EurekaMag.com logo
+ Site Statistics
References:
53,869,633
Abstracts:
29,686,251
+ Search Articles
+ Subscribe to Site Feeds
EurekaMag Most Shared ContentMost Shared
EurekaMag PDF Full Text ContentPDF Full Text
+ PDF Full Text
Request PDF Full TextRequest PDF Full Text
+ Follow Us
Follow on FacebookFollow on Facebook
Follow on TwitterFollow on Twitter
Follow on LinkedInFollow on LinkedIn

+ Translate

Effect of three bycatch reduction devices on diamondback terrapin Malaclemys terrapin capture and blue crab Callinectes sapidus harvest in Delaware bay



Effect of three bycatch reduction devices on diamondback terrapin Malaclemys terrapin capture and blue crab Callinectes sapidus harvest in Delaware bay



North American Journal of Fisheries Management 21(4): 825-833, November



In recent years, reduction of the taking of nontarget species in fisheries worldwide has received considerable attention. Bycatch mortality in pot fisheries has led to severe declines in local populations of the diamondback terrapin Malaclemys terrapin along the U.S. East Coast. We conducted a 4-year study between 1997 and 2000 to investigate the impact of four bycatch reduction devices (BRDs), wire rectangular devices fitted into the entrance of crab traps, on diamondback terrapin bycatch mortality as well as its effect on the harvest of blue crabs Callinectes sapidus in the Delaware River estuary. A total of 52 sets consisting of five replicate blue crab pots for each BRD treatment (5.0X10.0, 5.0X12.0, 4.5X12.0, and 3.8X12.0 cm) and controls were deployed at random in 10 tidal tributaries and inland bays within the Delaware estuary. During this study 372 diamondback terrapins and 3,522 legal-size blue crabs were caught. The 5-cmX12-cm BRD was the only treatment for which the reduction in overall diamondback terrapin catches (-12%) was not statistically significant. In crab pots fitted with the 5-cmX10-cm BRD, we observed a statistically significant (P<0.01) reduction in terrapin catches (-59%) versus control pots, with no statistical difference in blue crab catches. Only a nominal loss (-12%) of legal-size blue crab catches was observed in pots fitted with the 4.5-cmX12.0-cm BRD, whereas the reduction in diamondback terrapin captures (38% male and 96% female) was significant (P<0.01). No diamondback terrapins were captured in the smallest BRD (3.8X12.0 cm), but the losses of legal-size blue crab catches were substantial (26%). We therefore recommend the use of the 4.5-cmX12.0-cm BRD with recreational crab pots as a conservation measure because this would effectively protect all subadult and reproductive female diamondback terrapins with minimal loss of legal blue crabs. We also stress the importance of using the BRDs in concert with other conservation measures, such as efforts directed at monitoring the effects of BRD implementation on bycatch mortality and preservation of nesting.

(PDF emailed within 0-6 h: $19.90)

Accession: 010537938

Download citation: RISBibTeXText

DOI: 10.1577/1548-8675(2001)021<0825:eotbrd>2.0.co;2



Related references

The effectiveness of bycatch reduction devices on crab pots at reducing capture and mortality of diamondback terrapins (Malaclemys terrapin) in Florida. Estuaries and Coasts 30(1): 179-185, 2007

Impact of a bycatch reduction device on diamondback terrapin and blue crab capture in crab pots. Ecological Applications 10(3): 882-889, June, 2000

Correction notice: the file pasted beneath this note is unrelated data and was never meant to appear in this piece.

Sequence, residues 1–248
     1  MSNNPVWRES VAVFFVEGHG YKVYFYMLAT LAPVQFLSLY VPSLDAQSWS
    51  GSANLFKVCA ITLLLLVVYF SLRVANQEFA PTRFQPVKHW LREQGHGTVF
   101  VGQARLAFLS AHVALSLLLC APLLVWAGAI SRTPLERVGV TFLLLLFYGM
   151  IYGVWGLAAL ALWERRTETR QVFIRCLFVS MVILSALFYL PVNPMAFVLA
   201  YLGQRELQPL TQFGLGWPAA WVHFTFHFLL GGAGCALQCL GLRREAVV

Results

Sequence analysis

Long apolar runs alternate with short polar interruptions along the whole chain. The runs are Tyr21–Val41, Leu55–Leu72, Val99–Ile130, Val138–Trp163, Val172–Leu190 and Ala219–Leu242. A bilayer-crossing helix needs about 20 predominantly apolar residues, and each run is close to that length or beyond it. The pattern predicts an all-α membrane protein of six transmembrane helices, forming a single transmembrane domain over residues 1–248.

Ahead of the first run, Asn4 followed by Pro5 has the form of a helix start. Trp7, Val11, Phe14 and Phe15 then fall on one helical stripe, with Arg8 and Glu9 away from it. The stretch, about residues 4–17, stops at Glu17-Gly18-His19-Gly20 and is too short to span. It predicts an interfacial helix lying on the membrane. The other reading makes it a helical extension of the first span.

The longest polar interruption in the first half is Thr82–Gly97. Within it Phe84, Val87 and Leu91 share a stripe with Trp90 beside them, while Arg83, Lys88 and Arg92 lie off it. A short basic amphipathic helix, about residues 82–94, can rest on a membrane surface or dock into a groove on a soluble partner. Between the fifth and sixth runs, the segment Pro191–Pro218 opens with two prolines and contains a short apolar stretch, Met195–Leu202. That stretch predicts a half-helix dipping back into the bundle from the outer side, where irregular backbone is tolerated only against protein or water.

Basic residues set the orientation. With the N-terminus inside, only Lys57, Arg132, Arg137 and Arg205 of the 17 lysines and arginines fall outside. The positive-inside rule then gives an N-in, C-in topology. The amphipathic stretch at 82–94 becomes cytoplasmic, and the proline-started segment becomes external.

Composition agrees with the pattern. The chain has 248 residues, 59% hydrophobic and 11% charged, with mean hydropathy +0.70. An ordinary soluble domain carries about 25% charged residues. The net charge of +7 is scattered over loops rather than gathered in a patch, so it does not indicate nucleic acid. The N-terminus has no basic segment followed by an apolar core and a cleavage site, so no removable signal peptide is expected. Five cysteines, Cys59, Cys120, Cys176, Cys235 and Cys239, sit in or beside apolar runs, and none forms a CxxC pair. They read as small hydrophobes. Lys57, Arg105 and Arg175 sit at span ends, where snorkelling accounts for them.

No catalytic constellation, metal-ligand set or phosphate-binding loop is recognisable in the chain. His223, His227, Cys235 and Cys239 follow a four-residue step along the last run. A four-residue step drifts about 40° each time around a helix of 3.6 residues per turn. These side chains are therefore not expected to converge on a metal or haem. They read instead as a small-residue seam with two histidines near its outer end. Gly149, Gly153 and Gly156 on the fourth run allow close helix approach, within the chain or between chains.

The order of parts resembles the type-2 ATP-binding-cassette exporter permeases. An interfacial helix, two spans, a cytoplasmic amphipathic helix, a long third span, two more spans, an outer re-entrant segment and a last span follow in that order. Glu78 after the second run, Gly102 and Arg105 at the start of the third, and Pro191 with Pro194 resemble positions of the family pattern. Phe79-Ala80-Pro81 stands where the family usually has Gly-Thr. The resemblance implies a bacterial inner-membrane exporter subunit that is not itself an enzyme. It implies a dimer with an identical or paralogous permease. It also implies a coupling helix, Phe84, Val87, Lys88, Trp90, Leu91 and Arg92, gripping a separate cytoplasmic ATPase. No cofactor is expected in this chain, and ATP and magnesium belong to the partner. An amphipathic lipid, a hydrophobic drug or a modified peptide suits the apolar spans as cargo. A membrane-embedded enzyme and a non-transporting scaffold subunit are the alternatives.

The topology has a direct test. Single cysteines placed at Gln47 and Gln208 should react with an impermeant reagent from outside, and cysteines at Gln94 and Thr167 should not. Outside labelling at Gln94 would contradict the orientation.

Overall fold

Incidental capture of diamondback terrapin malaclemys terrapin by crab pots. Estuaries 6(4): 426-430, 1983

Conservation and research of the northern diamondback terrapin Malaclemys terrapin terrapin at the Wetlands Institute of Stone Harbor New Jersey, USA Methodes de protection et recherches effectuees sur la Malaclemmyde du Nord Malaclemys terrapin terrapin par lInstitut des zones humides de Stone Harbor New Jersey, USA. Manouria. Juin; 619: 30-33, 2003

Crab-eating in the diamondback terrapin Malaclemys terrapin: Dealing with dangerous prey. Journal of the Marine Biological Association of the United Kingdom 72(4): 835-848, 1992

The impact of commercial crab traps on northern diamondback terrapins, Malaclemys terrapin terrapin. Unknown, 1997

Bycatch reduction device conserves diamondback terrapin without affecting catch of blue crab. Marine Ecology Progress Series: 171-179, 2010

Experiences with the raising, keeping and breeding of the diamondback terrapin Malaclemys terrapin macrospilota Erfahrungen bei der Aufzucht, Haltung und Nachzucht der Schmuck-Diamantschildkroete Malaclemys terrapin macrospilota. Radiata. November; 144: 3-13, 2005

Diamondback terrapin (Malaclemys terrapin) mortality in crab pots. Conservation Biology 11(5): 1166-1172, 1997

Predation on hatchling diamondback terrapin malaclemys terrapin schopff by the ghost crab ocypode quadrata fabricius. Florida Scientist 54(3-4): 215-217, 1991

Predation on hatchling diamondback terrapin, Malaclemys terrapin (Schoepff), by the ghost crab, Ocypode quadrata (Fabricius). Florida Scientist, 543-4: 215-217, 1991

Predation on hatchling diamondback terrapin, Malaclemys terrapin (Schoepff), by the ghost crab, Ocypode quadrata (Fabricius). 2. Florida Scientist. Winter-Spring; 571-2: 1-5, 1994

Bufo fowleri (Fowler's toad) and Malaclemys terrapin terrapin (northern diamondback terrapin). Refugia and nesting. Herpetological Review e; 34(2): 135, 2003

Cape and islands rare and endangered wildlife. Northern diamondback terrapin (Malaclemys terrapin terrapin). Cape Naturalist, 172: 27, 1988

Terrapins, tires and traps: conservation of the northern diamondback terrapin (Malaclemys terrapin terrapin) on the Cape May Peninsula, New Jersey, USA. Unknown, 1995